That’s a handsome suit. The Brooklyn Museum hosted a fantastic fashion show of masculine fashion for those who love the fit, aesthetic, women who identify as “butch” or those who identify as transgender. The (Un)HEELED showcase was presented by digital magazine Dapper Q and featured a diverse range of models that do not follow the typical hyper-feminine aesthetic of your mainstream runways.
Bespoke tailoring was offered by Bindle & Keep. Their impeccably detailed ensembles also take into consideration clients with complex gender identities. You will be able to see several of them going through the process of having their suits made in an upcoming documentary “Three Suits”.
I talked to Sharpe Suiting CEO Leon Wu who researched tailoring from Savile Row to manufacturing in Hong Kong. Leon created the collection to serve all body types and the LGBT community, realizing that the market lacked men’s tailored suits that were actually build to fit a woman’s body.
Angie Chuang drew inspiration for her collection from the arts and blurring gender lines to serve the androgynous aesthetic.
Jag & Co designer Jaguar Beckford mixes vintage dandyism, hip hop and formal masculine clothing for this label.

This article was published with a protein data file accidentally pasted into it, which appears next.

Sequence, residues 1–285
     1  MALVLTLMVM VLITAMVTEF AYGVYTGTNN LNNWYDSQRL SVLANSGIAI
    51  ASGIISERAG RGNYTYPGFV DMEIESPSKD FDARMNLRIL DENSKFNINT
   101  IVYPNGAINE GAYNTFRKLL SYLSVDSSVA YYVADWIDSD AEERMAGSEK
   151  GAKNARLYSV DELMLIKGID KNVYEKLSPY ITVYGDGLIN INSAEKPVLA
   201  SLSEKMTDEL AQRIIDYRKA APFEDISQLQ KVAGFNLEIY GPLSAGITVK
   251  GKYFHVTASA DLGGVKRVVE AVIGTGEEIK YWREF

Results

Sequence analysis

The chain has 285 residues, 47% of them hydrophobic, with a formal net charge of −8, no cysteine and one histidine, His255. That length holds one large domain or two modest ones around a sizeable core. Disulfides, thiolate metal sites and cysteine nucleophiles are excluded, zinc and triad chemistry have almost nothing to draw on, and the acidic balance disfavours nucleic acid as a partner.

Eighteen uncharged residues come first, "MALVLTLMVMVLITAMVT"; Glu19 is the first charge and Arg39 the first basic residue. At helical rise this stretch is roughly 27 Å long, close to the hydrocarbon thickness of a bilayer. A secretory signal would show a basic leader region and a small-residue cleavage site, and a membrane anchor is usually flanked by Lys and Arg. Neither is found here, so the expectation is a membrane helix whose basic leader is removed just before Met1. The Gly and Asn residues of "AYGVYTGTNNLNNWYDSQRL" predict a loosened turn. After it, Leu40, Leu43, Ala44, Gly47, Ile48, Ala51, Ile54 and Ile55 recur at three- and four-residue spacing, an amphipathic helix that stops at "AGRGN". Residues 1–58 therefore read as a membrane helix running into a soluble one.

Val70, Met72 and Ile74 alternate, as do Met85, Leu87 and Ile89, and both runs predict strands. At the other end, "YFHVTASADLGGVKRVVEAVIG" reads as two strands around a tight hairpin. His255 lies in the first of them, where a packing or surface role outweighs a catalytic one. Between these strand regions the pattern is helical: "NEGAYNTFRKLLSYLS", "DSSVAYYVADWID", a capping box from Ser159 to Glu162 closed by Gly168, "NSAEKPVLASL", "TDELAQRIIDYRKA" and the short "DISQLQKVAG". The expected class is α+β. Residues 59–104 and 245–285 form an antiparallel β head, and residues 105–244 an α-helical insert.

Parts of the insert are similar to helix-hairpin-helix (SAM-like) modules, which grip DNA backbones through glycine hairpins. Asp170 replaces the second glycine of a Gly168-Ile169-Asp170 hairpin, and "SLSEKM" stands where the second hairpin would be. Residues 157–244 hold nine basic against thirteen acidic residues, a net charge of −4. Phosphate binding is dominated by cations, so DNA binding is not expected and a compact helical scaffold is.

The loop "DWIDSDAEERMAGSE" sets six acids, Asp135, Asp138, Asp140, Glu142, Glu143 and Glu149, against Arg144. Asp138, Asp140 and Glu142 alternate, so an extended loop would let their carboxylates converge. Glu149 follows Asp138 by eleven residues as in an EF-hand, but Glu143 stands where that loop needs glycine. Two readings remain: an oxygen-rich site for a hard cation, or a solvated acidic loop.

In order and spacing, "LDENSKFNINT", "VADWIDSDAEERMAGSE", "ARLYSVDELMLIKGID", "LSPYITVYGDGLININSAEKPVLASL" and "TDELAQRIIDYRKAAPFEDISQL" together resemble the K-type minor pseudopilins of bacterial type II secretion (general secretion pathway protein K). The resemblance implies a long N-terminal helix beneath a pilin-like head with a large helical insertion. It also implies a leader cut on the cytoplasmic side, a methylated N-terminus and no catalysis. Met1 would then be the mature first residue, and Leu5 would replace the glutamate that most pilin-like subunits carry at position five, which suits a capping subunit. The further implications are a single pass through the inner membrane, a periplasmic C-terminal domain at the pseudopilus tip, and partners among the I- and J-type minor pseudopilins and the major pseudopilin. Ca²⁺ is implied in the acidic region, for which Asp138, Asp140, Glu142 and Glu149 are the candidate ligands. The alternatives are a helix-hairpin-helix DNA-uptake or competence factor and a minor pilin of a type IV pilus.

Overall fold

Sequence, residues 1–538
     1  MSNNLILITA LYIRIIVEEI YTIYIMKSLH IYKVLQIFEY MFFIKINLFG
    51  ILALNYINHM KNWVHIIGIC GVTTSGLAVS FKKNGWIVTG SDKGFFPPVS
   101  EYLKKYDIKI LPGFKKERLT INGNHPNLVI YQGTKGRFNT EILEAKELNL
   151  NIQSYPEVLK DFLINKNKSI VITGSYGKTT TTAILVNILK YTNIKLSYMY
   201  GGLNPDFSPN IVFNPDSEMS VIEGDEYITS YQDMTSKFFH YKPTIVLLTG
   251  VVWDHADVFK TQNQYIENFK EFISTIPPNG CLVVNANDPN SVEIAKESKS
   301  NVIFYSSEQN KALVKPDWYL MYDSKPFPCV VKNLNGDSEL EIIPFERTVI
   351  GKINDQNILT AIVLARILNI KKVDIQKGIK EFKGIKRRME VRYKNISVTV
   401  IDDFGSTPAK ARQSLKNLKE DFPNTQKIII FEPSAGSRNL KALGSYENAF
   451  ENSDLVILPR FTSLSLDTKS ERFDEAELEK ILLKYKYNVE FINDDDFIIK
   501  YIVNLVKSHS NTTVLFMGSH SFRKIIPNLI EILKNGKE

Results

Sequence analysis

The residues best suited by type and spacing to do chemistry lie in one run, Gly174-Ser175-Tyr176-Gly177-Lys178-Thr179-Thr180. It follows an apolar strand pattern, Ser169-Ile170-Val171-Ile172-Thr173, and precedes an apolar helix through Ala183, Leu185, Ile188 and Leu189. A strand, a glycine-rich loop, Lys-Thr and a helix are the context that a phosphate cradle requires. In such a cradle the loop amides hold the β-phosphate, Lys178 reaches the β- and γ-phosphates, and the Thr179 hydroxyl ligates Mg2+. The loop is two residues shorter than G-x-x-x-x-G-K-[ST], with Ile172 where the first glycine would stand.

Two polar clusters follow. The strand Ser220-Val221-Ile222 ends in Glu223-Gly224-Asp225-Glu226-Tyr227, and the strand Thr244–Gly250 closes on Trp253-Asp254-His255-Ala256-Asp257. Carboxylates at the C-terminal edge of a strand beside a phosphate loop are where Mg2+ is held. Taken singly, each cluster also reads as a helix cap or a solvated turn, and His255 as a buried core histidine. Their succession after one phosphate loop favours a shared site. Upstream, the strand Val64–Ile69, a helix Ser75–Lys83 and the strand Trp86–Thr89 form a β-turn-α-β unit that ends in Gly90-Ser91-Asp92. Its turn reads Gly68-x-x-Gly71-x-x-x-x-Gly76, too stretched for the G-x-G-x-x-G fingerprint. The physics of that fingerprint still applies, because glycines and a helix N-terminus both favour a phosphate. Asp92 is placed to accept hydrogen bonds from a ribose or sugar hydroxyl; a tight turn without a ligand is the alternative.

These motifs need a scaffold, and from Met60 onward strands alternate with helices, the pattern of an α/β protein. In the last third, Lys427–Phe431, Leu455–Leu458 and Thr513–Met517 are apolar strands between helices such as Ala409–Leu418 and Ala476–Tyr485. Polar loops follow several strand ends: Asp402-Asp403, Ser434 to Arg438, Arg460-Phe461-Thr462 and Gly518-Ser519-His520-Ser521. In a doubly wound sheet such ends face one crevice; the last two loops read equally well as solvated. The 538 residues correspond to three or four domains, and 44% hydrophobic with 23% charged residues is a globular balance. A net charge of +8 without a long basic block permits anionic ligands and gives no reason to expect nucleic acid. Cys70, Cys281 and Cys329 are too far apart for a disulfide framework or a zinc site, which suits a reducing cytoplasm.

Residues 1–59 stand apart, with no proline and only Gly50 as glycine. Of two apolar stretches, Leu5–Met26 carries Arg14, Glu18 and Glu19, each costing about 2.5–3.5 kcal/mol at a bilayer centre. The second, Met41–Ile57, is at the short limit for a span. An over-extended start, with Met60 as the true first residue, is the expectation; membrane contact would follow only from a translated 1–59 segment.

Sir New York on the other hand, blends punk, athletic wear, Goth and street wear into the collection. Designer Auston Bjorkman is trans-identified and the label is coveted at the trendiest boutiques around the city.
Saint Harridan, founded by Mary Going is a label producing formal and business suits for women of all shapes who prefer a masculine look. Saint Harridan’s models all held up signs for #BlackLivesMatter in response to the recent injustices in Ferguson and New York. At the finale of the show, Dapper Q’s editor Anita Dolce Vita came down the runway with hands raised, a symbol of “Don’t Shoot”.
The Museum at F.I.T. recently paid tribute to Queer style and gay fashion. The LGBT community has always held a major influence in art, culture and style throughout history. With the exception of a few style icons like Marlene Dietrich in a tuxedo, I am surprised that this particular aesthetic or fit has not had more mainstream focus. I am really glad that this show presented such a great mix of designers to show masculine fashion is more than just a girl in a boy’s clothes. They showed formal to dandy to sports to avant-garde styles.